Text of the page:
“1. All crimes must be punished. No president may pardon or give clemency to any in their own administration, or the administration of other presidents of their party, and all such previous pardons are overturned. The guilty shall never be allowed to profit from their crimes. The guilty must pay back all wealth from their crimes and pay for all damage done to others.”
Class bias, as much as racial bias, does great harm to American society and persons. But unlike racism, class bias is rarely addressed in America. It is far too often invisible or unspoken, an enormous pretense made that classism does not exist or can easily be overcome.
There is an enormous class bias in the legal system. A criminal (even an unarmed one) who steals five hundred dollars from a convenience store is far more harshly punished than a bank president embezzling millions. White collar crime is far less punished than “street crime.” Not only far shorter sentences, but white collar prisons have a notorious reputation for soft treatment, just country clubs with high fences where the well off do their time by working on their tennis game.
Such bias goes all the way to the top. Corrupt presidents have only rarely been punished, and far more often, false charges of corruption are only used as a smear by the opposition. Nixon and Reagan were never punished for their crimes, while dozens of faux scandals were invented to smear Clinton and Obama. One Clinton administration member was actually forced to resign over a single pair of low value football game tickets. Notably, the worst thing each president did, Clinton choosing to not halt genocide in Rwanda and Obama's drone assassination program, were not objected to by most members of either party.
Presidents have also misused their pardon power to prevent officials of their own party and even own administration from being punished. Ford pardoned Nixon, the man who appointed him, in what was widely regarded by most as a corrupt deal that cost Ford the next election. George Bush Sr. pardoned those convicted in the Iran-Contra scandal for lawbreaking that later evidence showed he himself took part in. Clinton pardoned wealthy campaign donors, de facto bribery in every way but name. GW Bush gave leniency to “Scooter” Libby for his part in leaking the name of a CIA agent, when some evidence points to Bush himself leaking the agent’s name. This abuse must be ended. Presidents should always be barred from pardoning their own party and administration members, since it's a clear conflict of interest and a way to protect their own criminal actions and associates.
Wealthy criminals are rarely punished equal to the crimes they commit. Bank presidents and CEOs who embezzle or defraud routinely negotiate deals allowing them to walk away with most of what they have stolen. The list of scandals of the last 30 years is disturbingly long: The Savings and Loan Scandals, BCCI, Worldcom, subprime loans, underwater mortages, Enron, Bernie Madoff's Ponzi schemes, Lehman Brothers, Cendant, MF Global, Fannie Mae, HealthSouth, Tyco, Allen Stanford, Qwest, Arthur Andersen, Bear Stearns, IMClone, and Adelphia.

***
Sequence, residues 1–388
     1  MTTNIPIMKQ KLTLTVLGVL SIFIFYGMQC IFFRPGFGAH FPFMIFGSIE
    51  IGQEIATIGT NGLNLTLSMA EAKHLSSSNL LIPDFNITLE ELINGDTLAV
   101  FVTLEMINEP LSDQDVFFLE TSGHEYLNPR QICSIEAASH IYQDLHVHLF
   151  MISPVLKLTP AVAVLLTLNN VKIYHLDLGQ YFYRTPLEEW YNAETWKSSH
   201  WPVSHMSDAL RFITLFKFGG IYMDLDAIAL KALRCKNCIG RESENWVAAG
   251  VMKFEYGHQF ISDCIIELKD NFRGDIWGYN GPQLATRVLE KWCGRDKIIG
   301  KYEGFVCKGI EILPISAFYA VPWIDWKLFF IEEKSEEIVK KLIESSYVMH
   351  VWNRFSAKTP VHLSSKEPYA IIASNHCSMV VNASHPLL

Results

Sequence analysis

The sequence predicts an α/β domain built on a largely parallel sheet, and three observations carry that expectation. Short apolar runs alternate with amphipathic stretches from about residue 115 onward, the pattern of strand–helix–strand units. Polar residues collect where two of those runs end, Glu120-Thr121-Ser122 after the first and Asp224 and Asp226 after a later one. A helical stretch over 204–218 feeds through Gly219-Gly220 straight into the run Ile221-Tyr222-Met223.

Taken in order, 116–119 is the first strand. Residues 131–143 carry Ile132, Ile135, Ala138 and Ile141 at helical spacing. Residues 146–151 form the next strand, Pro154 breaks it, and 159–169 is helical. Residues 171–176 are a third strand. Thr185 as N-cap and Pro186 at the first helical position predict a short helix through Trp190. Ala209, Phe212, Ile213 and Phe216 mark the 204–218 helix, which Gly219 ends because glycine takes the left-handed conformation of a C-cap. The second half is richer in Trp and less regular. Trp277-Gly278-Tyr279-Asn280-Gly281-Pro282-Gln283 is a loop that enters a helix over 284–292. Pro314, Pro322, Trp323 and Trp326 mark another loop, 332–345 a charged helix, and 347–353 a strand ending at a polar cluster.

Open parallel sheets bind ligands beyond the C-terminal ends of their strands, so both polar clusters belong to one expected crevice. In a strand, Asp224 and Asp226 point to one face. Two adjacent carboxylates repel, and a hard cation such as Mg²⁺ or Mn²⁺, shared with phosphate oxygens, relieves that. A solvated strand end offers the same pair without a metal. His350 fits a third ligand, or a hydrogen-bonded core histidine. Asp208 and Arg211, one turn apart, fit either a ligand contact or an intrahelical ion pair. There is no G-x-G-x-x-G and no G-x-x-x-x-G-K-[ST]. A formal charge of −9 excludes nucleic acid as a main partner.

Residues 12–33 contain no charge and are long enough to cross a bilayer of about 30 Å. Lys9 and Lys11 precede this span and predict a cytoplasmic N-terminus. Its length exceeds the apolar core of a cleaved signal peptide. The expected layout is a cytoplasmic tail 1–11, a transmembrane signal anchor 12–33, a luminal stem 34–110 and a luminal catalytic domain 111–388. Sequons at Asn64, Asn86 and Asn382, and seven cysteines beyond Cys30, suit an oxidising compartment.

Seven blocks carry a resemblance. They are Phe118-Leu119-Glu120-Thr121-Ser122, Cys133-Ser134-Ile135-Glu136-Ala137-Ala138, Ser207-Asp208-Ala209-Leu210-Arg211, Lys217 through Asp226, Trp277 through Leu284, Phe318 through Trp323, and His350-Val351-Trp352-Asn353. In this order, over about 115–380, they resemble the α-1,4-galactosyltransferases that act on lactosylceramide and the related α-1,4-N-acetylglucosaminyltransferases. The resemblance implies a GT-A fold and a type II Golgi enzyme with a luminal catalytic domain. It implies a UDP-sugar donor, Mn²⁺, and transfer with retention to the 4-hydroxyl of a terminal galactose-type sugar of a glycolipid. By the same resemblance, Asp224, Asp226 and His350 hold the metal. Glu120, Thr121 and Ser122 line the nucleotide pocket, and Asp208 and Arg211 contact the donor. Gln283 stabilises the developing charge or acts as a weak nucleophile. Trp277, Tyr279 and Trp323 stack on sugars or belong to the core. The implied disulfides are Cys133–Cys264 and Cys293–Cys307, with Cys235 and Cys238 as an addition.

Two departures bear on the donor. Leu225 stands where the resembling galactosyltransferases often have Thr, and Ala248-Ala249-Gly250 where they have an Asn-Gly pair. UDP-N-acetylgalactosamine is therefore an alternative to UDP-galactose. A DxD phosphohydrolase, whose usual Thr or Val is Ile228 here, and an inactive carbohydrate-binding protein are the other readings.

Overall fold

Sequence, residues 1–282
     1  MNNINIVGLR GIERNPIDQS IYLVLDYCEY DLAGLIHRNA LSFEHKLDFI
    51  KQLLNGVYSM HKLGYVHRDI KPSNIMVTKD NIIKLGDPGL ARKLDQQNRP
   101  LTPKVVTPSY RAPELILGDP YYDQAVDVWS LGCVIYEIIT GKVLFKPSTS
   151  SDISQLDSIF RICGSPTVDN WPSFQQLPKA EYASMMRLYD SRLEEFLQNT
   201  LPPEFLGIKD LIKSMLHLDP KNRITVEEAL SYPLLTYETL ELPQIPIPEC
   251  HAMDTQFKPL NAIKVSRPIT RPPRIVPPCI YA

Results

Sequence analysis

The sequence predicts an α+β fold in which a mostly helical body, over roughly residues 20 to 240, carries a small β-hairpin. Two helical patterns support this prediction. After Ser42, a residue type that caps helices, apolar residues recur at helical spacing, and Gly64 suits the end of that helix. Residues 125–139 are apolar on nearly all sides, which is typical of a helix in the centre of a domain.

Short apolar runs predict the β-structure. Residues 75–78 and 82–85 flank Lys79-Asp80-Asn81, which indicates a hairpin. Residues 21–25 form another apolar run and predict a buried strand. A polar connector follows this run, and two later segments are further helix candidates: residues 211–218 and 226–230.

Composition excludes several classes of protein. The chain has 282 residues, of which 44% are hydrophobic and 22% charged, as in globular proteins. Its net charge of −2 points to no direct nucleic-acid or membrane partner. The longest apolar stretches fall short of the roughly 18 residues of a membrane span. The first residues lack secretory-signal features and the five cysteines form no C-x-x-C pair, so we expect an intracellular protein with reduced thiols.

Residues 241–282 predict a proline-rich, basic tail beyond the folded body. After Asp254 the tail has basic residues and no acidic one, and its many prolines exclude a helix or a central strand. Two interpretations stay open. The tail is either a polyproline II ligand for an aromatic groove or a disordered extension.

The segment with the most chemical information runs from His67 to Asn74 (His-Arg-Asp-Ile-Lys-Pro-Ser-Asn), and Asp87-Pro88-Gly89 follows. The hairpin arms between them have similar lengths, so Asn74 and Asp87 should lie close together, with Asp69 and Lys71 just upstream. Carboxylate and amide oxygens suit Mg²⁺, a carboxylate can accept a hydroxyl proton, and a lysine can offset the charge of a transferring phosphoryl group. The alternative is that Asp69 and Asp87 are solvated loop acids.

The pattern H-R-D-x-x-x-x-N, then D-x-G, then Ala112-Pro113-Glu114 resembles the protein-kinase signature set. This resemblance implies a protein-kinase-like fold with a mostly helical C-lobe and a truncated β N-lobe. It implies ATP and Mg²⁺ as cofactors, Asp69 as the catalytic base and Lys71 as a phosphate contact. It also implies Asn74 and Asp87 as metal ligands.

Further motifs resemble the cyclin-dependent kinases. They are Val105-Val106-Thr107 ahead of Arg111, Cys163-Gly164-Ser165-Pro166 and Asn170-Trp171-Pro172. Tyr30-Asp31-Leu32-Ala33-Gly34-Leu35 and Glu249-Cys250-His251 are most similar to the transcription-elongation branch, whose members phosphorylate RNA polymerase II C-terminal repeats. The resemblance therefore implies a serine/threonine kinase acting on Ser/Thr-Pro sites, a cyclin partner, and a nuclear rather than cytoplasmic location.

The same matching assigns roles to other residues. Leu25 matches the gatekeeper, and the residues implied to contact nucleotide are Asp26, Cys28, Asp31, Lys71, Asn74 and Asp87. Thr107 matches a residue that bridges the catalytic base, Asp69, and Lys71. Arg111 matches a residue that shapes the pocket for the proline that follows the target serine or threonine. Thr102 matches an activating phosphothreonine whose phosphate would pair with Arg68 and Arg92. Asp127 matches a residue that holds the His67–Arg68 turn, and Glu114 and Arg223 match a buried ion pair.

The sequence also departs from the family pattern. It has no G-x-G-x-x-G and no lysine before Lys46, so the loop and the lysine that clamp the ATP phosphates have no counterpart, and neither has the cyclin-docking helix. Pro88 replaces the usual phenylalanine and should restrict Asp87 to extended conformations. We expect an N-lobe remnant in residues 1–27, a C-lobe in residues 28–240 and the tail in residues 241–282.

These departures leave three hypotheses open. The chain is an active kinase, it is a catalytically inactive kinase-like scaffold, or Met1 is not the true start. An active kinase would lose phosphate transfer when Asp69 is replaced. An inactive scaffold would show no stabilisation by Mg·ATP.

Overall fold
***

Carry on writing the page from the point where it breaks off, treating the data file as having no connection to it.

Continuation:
All the scandals named involved billions of dollars, sometimes tens of billions. Punishment has been limited and rare. Only Madoff received any substantial prison time, and that is because his victims were all wealthy elites like Steven Spielberg. A good illustration of the double standard was Martha Stewart, who got only a few months in a cushy “prison” for insider trading that gained her about $45,000. Her business also did not suffer, nor did most of her customers or the public condemn her the way they would a petty thief, much less one stealing $45,000. By contrast, most ex-convicts guilty of minor “street” crimes have a hard time even finding minimum wage work. Many are barred from some workplaces.
The principle this nation and society should follow is simple: No one should benefit from crime. Any punishment should at least be equal to what was stolen or gained, plus the harm done to victims. Full restitution should be standard practice. That is even more important than prison sentences. The prospect of instant poverty will deter millionaire and billionaire serial criminals. It will also end much of the worship of wealth, the Mammon so common in mainstream America, a sickness that in its most extreme form is no different from admiring gangsters just because they are wealthy.